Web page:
The building society difference during a pandemic

Examples of building societies going the extra mile during the coronavirus crisis.

One of the few good things that has emerged from the Coronavirus pandemic is the nation’s unwavering community spirit: Colonel Tom Moore raising more than £30 million, communities rallying round and clapping in a show of support for the hardworking NHS workers and carers each week. These little glimmers of positivity are what shine through  in these trying times.

We also see hard working building society and credit union branch staff, head office and call centre employees who, as key workers, are helping to keep the nation going by arranging payment holidays, providing cash and generally keeping people connected to their finances.

As mutuals, our sector has always naturally played a big part in local communities, and now is no different. But how are they responding during this time of crisis?  Here are a few examples.

Helping the most vulnerable

Bath Building Society launched a cash delivery service, informally referred to as its ‘BBSaroo’ service, so that its most vulnerable customers could maintain access to their cash for essentials, even on weekends!

Elsewhere the Scottish Building Society set up a dementia helpline to provide support to some of its most vulnerable customers and their carers.

The personal touch

The West Brom shared a touching example of going the extra mile for individual members; an elderly member went into one of the branches, distressed after being told to isolate for 12 weeks with no nearby family or neighbours to help. One of the branch staff took her to one side to help calm her down. She then went out and bought the remaining items on the member’s shopping list and delivered them to her door. They’ve since been in regular contact.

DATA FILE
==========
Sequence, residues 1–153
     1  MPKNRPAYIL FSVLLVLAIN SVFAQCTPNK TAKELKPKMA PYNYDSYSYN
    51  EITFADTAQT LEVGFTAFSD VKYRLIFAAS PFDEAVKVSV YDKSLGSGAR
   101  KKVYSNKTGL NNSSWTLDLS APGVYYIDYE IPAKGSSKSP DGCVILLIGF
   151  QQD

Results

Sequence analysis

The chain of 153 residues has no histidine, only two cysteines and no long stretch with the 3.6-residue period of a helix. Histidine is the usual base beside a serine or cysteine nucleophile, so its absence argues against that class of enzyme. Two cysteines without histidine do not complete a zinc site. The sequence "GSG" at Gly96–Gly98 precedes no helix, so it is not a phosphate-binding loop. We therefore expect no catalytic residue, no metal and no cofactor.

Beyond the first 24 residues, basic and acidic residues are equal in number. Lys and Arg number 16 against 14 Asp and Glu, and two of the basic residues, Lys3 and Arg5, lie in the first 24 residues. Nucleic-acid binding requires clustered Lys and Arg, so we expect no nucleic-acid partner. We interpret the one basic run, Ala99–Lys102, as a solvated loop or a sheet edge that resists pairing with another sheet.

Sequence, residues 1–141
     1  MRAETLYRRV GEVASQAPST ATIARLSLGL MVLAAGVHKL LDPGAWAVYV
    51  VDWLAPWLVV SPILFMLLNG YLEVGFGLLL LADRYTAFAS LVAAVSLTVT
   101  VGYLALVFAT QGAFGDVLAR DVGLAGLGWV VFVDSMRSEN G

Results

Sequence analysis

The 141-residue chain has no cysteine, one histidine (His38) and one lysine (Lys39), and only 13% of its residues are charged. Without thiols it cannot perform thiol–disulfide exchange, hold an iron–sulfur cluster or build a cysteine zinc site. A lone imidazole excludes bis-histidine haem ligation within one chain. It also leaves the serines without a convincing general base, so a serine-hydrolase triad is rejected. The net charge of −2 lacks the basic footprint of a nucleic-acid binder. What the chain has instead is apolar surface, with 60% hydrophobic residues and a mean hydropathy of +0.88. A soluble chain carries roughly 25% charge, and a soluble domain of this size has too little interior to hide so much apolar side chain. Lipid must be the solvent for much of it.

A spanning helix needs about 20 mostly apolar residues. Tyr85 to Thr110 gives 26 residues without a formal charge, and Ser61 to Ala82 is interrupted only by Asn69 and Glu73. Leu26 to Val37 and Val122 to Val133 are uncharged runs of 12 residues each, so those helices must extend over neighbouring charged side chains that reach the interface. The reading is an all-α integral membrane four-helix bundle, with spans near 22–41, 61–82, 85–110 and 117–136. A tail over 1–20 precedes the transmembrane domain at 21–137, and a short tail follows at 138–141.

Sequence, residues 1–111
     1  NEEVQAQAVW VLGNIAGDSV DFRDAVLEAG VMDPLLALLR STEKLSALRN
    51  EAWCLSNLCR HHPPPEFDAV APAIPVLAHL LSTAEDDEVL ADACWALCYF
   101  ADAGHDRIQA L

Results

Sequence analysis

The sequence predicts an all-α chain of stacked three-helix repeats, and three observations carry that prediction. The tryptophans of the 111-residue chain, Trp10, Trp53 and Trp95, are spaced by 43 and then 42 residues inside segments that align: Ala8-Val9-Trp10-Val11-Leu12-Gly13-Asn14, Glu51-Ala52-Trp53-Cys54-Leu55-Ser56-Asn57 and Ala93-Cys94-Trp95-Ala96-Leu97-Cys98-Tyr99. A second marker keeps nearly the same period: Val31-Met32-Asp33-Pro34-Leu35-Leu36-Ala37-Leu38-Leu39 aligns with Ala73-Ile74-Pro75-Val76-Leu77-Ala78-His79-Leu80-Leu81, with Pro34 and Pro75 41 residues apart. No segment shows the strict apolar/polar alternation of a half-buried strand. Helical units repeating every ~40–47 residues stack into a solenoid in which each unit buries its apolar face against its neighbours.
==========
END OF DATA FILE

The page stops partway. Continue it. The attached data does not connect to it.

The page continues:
Sizeable donations

Maintaining relationships is so important right now, but so is raising crucial funds for both the NHS and local charities to get people through this torrid time. Newbury Building Society brought forward its annual charity donation to inject £30,000 of much-needed funds into their local nominated charities.

Leek United have set a fundraising target of £60,000 for local charities including hospices, matching donations up to a total of £30,000. They want to get people involved by hosting an online quiz and have currently raised almost £10,000.

It looks as though £60,000 could be the real magic number, as Principality Building Society donated a huge £60,000 to its charity partners, the Alzheimer’s Society Cymru and the Teenage Cancer Trust Cymru.

Personal feats

Alongside these mammoth company-wide donations, it is also important to recognise the individual efforts that are contributing to these figures. Newcastle Building Society is championing its employees, individual heroes who are playing their part in our country’s time of need.

An IT worker at Coventry Building Society has raised around £700 for the Society’s Just Giving page by completing the Three Peaks Challenge… via his staircase! The collective fundraising page has a £5,000 target which the Society will match.

Protect our NHS

Dudley Building Society has so far donated 1000 wash bags to its local NHS hospital, containing shower gel, shampoo, conditioner and soap.  This is so the doctors and nurses can have regular showers in between seeing patients in a bid to tackle the spread of potential infection – as well as feeling better themselves.

Keep on communicating

With everybody stuck indoors, and only being asked to visit their local branch if absolutely necessary, The Hanley’s CEO Mark Selby issued a message to members in a local newspaper and via social media in a bid to keep the lines of communication open.

In a similar vein, Saffron Building Society launched ‘virtual savings reviews’, to give its members the opportunity to speak to a ‘real person’ whilst discussing how to make their savings stretch further.

These are just some of the many examples from around the sector that demonstrate the strong sense of community that our sector thrives in. Here’s to slowly getting back to that new normal.